Serbian Election A Setback for Nationalists and a Victory for Pro-Europeans
Despite predictions to the contrary, the pro-European party of President Boris Tadic won the parliamentary election in Serbia, according to preliminary estimates. However, Tadic still lacks a clear majority to form a government. His opponent, Tomislav Nikolic, wants nationalist parties to join forces to govern.
Female voters in the village of Stara Pazova in Serbia
Tadic declared victory for his Democratic Party (DS) on Sunday evening. "Serbs have undoubtedly confirmed a clear European path. This is a great victory," he said. At the same time, he warned: "The government we are building will not recognize Kosovo."
Ultranationalist Tomislav Nikolic of the Serbian Radical Party (SRS), which favors closer ties to Moscow, warned Tadic that the pro-Europe camp hadn't won yet. He said his party also had very clear possibilities for creating a coalition that would not include the Democratic Party.
Nikolic accused Tadic of inciting violence by declaring victory. He called on other nationalist parties to join forces to create a coalition government and said that the Radicals would soon begin negotiations with incumbent Prime Minister Vojislav Kostunica's Democratic Party of Serbia (DSS). Other parties that could join forces with the Radicals to stymie Tadic's victory include the Socialist Party of former Serbian and Yugoslavian President Slobodan Milosevic.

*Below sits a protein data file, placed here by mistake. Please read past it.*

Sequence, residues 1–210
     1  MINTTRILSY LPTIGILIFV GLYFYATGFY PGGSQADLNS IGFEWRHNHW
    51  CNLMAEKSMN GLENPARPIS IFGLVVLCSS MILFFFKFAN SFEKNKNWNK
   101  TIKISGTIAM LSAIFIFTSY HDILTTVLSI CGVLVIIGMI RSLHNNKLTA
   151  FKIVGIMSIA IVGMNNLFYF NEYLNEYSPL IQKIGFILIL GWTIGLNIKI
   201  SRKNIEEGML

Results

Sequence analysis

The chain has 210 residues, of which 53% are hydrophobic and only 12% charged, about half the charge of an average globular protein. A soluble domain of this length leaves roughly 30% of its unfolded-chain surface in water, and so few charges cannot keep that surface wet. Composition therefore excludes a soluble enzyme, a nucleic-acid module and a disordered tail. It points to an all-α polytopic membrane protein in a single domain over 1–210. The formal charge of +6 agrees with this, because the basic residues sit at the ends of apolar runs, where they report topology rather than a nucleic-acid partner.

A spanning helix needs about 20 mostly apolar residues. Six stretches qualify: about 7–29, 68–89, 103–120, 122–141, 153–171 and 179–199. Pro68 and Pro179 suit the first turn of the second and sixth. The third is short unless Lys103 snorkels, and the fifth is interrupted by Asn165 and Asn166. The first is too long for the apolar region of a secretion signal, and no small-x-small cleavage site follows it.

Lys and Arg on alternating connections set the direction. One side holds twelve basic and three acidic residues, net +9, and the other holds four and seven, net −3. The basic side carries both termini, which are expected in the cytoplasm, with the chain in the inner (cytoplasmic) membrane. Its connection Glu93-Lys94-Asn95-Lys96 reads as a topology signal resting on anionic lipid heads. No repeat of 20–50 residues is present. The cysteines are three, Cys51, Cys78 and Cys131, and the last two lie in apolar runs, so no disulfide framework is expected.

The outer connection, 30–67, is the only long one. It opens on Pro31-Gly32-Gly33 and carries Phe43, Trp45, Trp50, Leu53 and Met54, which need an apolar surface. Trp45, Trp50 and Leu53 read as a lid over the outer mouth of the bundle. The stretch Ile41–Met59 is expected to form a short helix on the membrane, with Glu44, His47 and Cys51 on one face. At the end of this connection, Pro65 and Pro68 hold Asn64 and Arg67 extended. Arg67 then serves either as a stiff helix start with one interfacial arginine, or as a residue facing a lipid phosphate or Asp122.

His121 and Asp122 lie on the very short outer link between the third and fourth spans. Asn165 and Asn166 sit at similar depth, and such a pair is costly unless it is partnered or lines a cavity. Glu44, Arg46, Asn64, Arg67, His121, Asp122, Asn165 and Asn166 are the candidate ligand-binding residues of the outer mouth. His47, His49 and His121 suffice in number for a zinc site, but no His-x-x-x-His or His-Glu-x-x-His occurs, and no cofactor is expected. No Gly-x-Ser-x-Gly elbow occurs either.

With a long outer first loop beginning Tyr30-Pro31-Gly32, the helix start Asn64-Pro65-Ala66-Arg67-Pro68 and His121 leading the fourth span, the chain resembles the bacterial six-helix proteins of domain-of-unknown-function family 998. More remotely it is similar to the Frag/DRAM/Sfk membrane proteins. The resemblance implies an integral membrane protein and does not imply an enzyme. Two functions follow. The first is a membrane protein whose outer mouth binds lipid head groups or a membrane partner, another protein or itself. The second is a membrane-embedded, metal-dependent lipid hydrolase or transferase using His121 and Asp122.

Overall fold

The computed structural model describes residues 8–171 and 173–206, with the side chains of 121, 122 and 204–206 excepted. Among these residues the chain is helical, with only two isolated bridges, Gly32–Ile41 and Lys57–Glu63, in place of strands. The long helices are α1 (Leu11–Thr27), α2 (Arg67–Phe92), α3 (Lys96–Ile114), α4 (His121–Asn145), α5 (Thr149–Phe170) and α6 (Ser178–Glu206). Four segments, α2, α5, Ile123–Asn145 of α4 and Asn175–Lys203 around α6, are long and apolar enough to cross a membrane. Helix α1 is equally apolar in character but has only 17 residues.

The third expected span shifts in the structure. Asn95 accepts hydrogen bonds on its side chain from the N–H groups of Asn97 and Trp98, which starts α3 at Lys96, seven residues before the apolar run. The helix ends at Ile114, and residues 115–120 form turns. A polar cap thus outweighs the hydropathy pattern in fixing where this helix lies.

According to exit polls, the anti-European camp scored 48 percent of all votes. The Radicals, which drew voters outraged by the United States-backed secession of Kosovo, scored 29 percent. With 11 percent, Kostunica's nationalist conservative DSS party came in third. The Socialist Party came in fourth with 8 percent. The pro-west Liberal Democratic Party (LDP) will also be represented in parliament. But it remained unclear on Monday how the next Serbian government might look.
The European Union welcomed the election outcome. The EU is very pleased that Tadic's party will be playing a stronger role in the future, Slovenia, which holds the rotating presidency of the bloc, said in a statement. "The pro-European side in Serbia won, which was what we were aiming for in the EU," said Slovenian Foreign Minister Dimitrij Rupel.
Serbian pro-western President Boris Tadic: an unexpected victory
At the beginning of March, Kostunica dissolved parliament and called for new elections after the coalition failed to reach an agreement on whether to tie the issue of Kosovo's secession to EU membership. The government was barely 10 months old and included Tadic's Europe-friendly Democratic Party, representatives of the business-friendly G17 Plus party as well as Kostunica's nationalist conservative DSS and its partner party, NS.
"I hope that those who hold on to a European future for Serbia will prevail," said German Foreign Minister Frank-Walter Steinmeier of the Social Democratic Party (SPD).
Tadic now has 90 days under the Serbian constitution to form a government. If he is unable to, then the constitution stipulates that the second-biggest party, in this cas the Radicals, would be given a chance.